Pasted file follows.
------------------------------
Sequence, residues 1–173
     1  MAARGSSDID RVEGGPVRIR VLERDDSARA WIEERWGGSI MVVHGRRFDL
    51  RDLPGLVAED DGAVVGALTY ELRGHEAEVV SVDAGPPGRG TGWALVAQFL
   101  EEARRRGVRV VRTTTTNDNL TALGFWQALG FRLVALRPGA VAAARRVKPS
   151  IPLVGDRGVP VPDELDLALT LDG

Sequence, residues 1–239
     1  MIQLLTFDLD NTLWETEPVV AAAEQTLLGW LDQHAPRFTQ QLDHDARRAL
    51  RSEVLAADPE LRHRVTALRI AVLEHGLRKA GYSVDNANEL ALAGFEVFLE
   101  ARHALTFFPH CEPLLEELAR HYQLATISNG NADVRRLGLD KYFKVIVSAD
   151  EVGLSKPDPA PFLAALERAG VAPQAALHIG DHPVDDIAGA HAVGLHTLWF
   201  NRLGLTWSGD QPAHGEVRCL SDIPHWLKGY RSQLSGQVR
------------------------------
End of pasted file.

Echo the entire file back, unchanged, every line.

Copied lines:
Sequence, residues 1–173
     1  MAARGSSDID RVEGGPVRIR VLERDDSARA WIEERWGGSI MVVHGRRFDL
    51  RDLPGLVAED DGAVVGALTY ELRGHEAEVV SVDAGPPGRG TGWALVAQFL
   101  EEARRRGVRV VRTTTTNDNL TALGFWQALG FRLVALRPGA VAAARRVKPS
   151  IPLVGDRGVP VPDELDLALT LDG

Sequence, residues 1–239
     1  MIQLLTFDLD NTLWETEPVV AAAEQTLLGW LDQHAPRFTQ QLDHDARRAL
    51  RSEVLAADPE LRHRVTALRI AVLEHGLRKA GYSVDNANEL ALAGFEVFLE
   101  ARHALTFFPH CEPLLEELAR HYQLATISNG NADVRRLGLD KYFKVIVSAD
   151  EVGLSKPDPA PFLAALERAG VAPQAALHIG DHPVDDIAGA HAVGLHTLWF
   201  NRLGLTWSGD QPAHGEVRCL SDIPHWLKGY RSQLSGQVR